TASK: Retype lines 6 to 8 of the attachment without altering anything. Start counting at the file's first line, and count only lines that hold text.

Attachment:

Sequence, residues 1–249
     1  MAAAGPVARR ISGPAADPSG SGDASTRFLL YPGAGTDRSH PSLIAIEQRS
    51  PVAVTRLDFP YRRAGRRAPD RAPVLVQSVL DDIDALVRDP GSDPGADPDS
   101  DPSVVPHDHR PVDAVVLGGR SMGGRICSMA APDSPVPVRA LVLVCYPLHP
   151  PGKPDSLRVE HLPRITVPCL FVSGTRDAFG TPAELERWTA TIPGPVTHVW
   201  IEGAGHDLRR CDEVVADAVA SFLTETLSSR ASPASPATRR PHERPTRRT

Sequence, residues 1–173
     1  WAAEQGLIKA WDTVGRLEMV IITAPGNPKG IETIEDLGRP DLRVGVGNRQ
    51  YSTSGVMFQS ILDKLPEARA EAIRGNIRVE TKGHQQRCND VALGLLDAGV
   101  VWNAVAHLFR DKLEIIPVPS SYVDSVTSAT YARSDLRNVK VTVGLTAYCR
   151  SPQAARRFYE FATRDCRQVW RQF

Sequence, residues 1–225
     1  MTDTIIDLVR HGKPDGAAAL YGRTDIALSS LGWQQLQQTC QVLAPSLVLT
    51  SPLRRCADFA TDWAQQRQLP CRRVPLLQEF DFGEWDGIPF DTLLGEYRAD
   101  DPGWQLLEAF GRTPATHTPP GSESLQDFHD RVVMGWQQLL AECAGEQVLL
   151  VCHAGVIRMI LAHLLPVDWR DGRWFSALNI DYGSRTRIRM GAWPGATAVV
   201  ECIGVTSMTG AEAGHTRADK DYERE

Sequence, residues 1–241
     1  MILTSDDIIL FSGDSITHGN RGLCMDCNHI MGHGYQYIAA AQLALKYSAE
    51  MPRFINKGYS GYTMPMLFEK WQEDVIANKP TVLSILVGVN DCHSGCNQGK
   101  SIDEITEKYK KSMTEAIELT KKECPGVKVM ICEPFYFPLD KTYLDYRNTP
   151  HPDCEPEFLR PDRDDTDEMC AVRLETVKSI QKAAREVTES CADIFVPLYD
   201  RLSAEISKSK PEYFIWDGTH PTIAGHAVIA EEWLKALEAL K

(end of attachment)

   201  IEGAGHDLRR CDEVVADAVA SFLTETLSSR ASPASPATRR PHERPTRRT

Sequence, residues 1–173
     1  WAAEQGLIKA WDTVGRLEMV IITAPGNPKG IETIEDLGRP DLRVGVGNRQ